Ochresoft looks to leverage CML membership

Print This Post

24 February 2015


PrintLegal workflow specialist Ochresoft has become an associate member of the Council of Mortgage Lenders (CML).

Given the influence of lenders on all aspects of the conveyancing process with particular reference to lender panels, membership is seen as key to helping Ochresoft remain close to sector issues, aware of trends and thinking, and responsive to statistics and industry findings. This will better inform the continuing development of the Intelliworks Conveyancing platform, ensuring it remains the market leader by delivering the requisite depth of functionality and compliance features in a timely manner.

Ochresoft will also be subscribing to the CML data feed which gives real-time access to changes in the CML Handbook, in turn underpinning Ochresoft’s drive to embed CML Handbook Part 2 & 3 validation into the Intelliworks workflow processes themselves. Users are already CML Part 1 compliant when following the workflows but will soon be able to check and validate their file against up-to-the-minute specific lending criteria (Parts 2 & 3) directly from the case itself. This will give confidence both to lenders and PI insurers, with lender claims forming the largest section of PI claims in the residential conveyancing field.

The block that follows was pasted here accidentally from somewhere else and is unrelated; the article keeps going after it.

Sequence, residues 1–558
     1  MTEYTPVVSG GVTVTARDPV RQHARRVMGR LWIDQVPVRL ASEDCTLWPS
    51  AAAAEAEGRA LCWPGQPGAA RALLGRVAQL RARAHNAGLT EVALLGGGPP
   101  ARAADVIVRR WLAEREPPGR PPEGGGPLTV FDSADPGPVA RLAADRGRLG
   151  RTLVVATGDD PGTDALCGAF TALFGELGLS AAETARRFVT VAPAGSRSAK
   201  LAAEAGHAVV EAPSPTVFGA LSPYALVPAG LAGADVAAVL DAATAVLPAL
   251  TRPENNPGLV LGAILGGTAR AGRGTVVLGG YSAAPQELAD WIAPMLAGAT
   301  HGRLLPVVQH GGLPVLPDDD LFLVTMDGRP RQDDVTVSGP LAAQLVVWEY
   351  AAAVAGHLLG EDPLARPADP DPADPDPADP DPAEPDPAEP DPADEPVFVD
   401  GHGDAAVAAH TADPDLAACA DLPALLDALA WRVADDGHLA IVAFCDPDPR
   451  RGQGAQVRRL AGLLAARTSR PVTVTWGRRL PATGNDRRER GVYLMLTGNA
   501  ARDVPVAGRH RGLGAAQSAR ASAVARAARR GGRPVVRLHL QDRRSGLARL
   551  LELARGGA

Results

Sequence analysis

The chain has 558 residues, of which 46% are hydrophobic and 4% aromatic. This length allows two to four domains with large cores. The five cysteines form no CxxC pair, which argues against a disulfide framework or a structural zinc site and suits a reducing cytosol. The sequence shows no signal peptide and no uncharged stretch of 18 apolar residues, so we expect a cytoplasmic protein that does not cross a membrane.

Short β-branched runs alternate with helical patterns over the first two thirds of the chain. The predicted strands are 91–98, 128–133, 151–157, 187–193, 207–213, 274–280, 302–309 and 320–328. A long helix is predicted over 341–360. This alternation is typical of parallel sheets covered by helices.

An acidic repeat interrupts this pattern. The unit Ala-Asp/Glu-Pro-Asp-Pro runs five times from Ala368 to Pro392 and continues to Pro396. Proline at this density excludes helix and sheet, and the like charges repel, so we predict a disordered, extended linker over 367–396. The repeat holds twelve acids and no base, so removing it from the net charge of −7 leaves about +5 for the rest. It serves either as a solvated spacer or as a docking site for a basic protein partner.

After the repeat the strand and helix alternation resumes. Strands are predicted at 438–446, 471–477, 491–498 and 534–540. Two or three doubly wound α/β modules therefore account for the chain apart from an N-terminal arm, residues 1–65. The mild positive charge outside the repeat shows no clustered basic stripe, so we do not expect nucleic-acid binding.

Pauline Freegard, Ochresoft’s director of business development, comments: “Conveyancing doesn’t exist without lenders and their influence permeates every aspect of the market. It’s vital that we keep abreast of their ‘hot buttons’ so we continue to factor those into our products and keep conveyancing teams compliant, productive and quality-driven. ”

 



Associate News is provided by Legal Futures Associates.
Find out about becoming an Associate



Legal Futures Blog

How best to achieve independent regulation under the Legal Services Act?

Craig Wakeford LSB

Independent regulation gives confidence to consumers, providers, investors and society as a whole that legal services work in the public interest and support the rule of law. The Legal Services Act 2007 does not require all approved regulators to be structurally separate from representative bodies. Instead, the Legal Services Board is required by the Act to produce internal governance rules (IGR) which apply the principle of regulatory independence in legal service regulation. We are currently running a consultation on the IGR which continues until 9 February.

January 19th, 2018